I hope everyone had a good weekend. We’ve been having great weather here in Indianapolis, which has been nice after the awful winter we went through. It’s great to enjoy the summer before it gets too hot.
Last week I mentioned that my mean-reversion indicator had 75% of its components flip negative. While we didn’t see aggressive selling, the S&P 500 ($SPX) finished the week down 0.68%, the Dow ($INDU) was off by 0.88%, and the Nasdaq ($QQQ) fell just 0.54% last week. Normally this bearish of a reading on this indicator is followed by larger drops in the equity market, so while this doesn’t dictate a larger move, I’ll be watching to see if selling pressure increases this week or if the bulls are able to regain control.
While we saw a small period of selling last week, it was less than 1% and the equity market’s up trend is still intact. I’ve added a short-term trend line to our chart below that connects the April and May lows. This could act as potential support if selling continues this week.
Like trend, the selling last week did not do much damage to the internals of the major indices. Both of our breadth measures are still well off their lows and continue to be in long-term and short-term up trends.
The extremely low-level in the Volatility Index ($VIX) has garnered a great deal of attention lately and probably rightfully so. Tom McClellan wrote an interesting piece last week looking at prior market highs and the corresponding level of the $VIX. Tom states, “A low VIX is a sign of option trader complacency, and complacency is a problematic sign for the market which can lead to a price decline. But when the VIX gets really REALLY low, the message changes. Sure, it is a sign of an absence of worry, and a correction is possible. But the really big price tops do not appear when the VIX is this low.”
Tom continues to discuss how in 2000 and 2007 the Volatility Index climbed from extremely low levels to an area closer to 16 when the equity market peaked. I’d also point out that while not an ‘official’ bear market, the intermediate top in 2011 was also accompanied by a $VIX reading of around 16, not an extreme low like we are seeing now.
So while yes we’ll most likely see a rise in volatility eventually, history has shown that this low of a reading in the $VIX has not marked recent significant market highs.
Last week I wrote about the ‘overbought’ reading in the Relative Strength Index, this has now been worked off as price has weakened slightly. While ‘overbought’ readings can bring short-term weakness, it also tells us that there is a healthy amount of buying taking place in a market as momentum gets pushed up to these historically high levels – a bullish long-term sign. The MACD indicator hit its prior high and bounced lower and the Money Flow Index, like the RSI, worked off its ‘overbought’ status last week.
June Options Expiration Seasonality
I’m a big fan of the Stock Trader’s Almanac as a great resource of historical market data. Recently Christopher Mistal wrote on the Stock Trader’s Almanac Blog about the bearish seasonality that occurs around June options expiration week. The one portion of his post that really stood out to me was: “The weeks after Triple-Witching Day are horrendous. This week has experienced DJIA losses in 21 of the last 24 years with average losses of 1.1%. S&P 500 and NASDAQ have fared slightly better during the week after over the same 24 year span, declining 0.8% and 0.2% respectively on average.”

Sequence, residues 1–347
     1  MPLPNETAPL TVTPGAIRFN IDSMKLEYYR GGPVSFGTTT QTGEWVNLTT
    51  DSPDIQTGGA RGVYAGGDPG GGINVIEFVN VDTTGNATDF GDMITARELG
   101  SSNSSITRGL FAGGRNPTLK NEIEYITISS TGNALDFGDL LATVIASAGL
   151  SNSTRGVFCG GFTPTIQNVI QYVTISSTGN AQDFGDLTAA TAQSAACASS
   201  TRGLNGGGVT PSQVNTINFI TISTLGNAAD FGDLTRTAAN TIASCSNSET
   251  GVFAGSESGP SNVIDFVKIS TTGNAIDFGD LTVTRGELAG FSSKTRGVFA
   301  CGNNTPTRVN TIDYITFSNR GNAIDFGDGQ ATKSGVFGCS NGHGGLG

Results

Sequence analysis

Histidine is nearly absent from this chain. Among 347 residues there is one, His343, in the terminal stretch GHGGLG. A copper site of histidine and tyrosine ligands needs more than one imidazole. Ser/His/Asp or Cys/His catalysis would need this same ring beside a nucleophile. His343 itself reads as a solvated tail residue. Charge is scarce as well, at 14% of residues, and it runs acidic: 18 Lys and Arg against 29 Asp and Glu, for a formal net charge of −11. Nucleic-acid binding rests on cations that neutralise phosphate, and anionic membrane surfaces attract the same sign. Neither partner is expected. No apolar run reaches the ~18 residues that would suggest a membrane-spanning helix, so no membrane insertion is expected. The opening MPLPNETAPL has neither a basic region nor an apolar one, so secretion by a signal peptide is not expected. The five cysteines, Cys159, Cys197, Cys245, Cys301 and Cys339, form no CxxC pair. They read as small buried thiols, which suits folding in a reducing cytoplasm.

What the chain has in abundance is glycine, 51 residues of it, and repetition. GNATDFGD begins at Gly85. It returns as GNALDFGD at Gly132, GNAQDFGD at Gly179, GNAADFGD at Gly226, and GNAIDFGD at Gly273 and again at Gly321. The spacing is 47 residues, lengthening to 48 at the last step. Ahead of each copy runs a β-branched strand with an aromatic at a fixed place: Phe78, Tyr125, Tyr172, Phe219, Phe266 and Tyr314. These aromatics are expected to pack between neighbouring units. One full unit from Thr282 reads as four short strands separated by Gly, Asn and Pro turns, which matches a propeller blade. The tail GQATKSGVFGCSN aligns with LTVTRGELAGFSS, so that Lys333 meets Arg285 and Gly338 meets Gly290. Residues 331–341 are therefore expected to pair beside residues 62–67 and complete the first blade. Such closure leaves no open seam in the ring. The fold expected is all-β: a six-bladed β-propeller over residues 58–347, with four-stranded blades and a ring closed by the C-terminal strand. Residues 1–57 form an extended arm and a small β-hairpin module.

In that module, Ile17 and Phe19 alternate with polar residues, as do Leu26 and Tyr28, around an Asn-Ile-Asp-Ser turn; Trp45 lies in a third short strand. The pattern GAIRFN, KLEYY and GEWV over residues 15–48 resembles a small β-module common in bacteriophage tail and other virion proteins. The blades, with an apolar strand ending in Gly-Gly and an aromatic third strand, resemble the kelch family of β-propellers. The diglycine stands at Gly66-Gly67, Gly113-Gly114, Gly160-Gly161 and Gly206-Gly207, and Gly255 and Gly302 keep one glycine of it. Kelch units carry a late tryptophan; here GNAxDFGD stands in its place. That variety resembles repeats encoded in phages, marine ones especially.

87.5% of the last 24 years have seen down week’s following June expiration week! That was pretty surprising to me. The table below shows you each year’s performance surrounding this specific time period going back to 1982.
60-Minute S&P 500
Not much to discuss on the intraday chart for the S&P 500. We had the RSI kiss the ‘oversold’ 30 level, giving bulls an excuse to step in and start buying again. We finished out trading on Friday just under the 50-1hr Moving Average, I’ll be watching to see if this short-term MA can be cleared to the upside or if it acts as resistance.
Rydex Money Flows
I found this pretty interesting. While we didn’t see massive selling last week, we did see the indices close in the red. But this didn’t prevent investors for pushing more money into the bullish Rydex funds, as shown by the red circle on the chart below. We can see that during the most recent drops in the S&P the percentage of assets in bullish funds had weakened each time. However, last week I guess was different. The small drop didn’t scare away the buyers and the ratio of bullish funds to Rydex assets advanced higher as it approaches its previous high set in May.
Last Week’s Sector Performance
No surprise Energy ($XLE) was the best performing sector last week with Technology ($XLK) being the only other sector to outperform the S&P 500. Consumer Discretionary ($XLY), Industrials ($XLI) and Utilities ($XLU) were the worst performers for the week.
Year-to-Date Sector Performance
Utilities continue to be the pest performer YTD. However, Energy is quickly approaching the leader, with Health Care ($XLV) sitting in a distant third. Consumer Discretionary remains the worst performer this year with Consumer Staples ($XLP) joining the ranks of under-performers, along with Industrials and Financials ($XLF)
Disclaimer: Do not construe anything written in this post or this blog in its entirety as a recommendation, research, or an offer to buy or sell any securities. Everything in this post is meant for educational and entertainment purposes only. I or my affiliates may hold positions in securities mentioned in the blog. Please see my Disclosure page for full disclaimer. Connect with Andrew on Google+, Twitter, and StockTwits.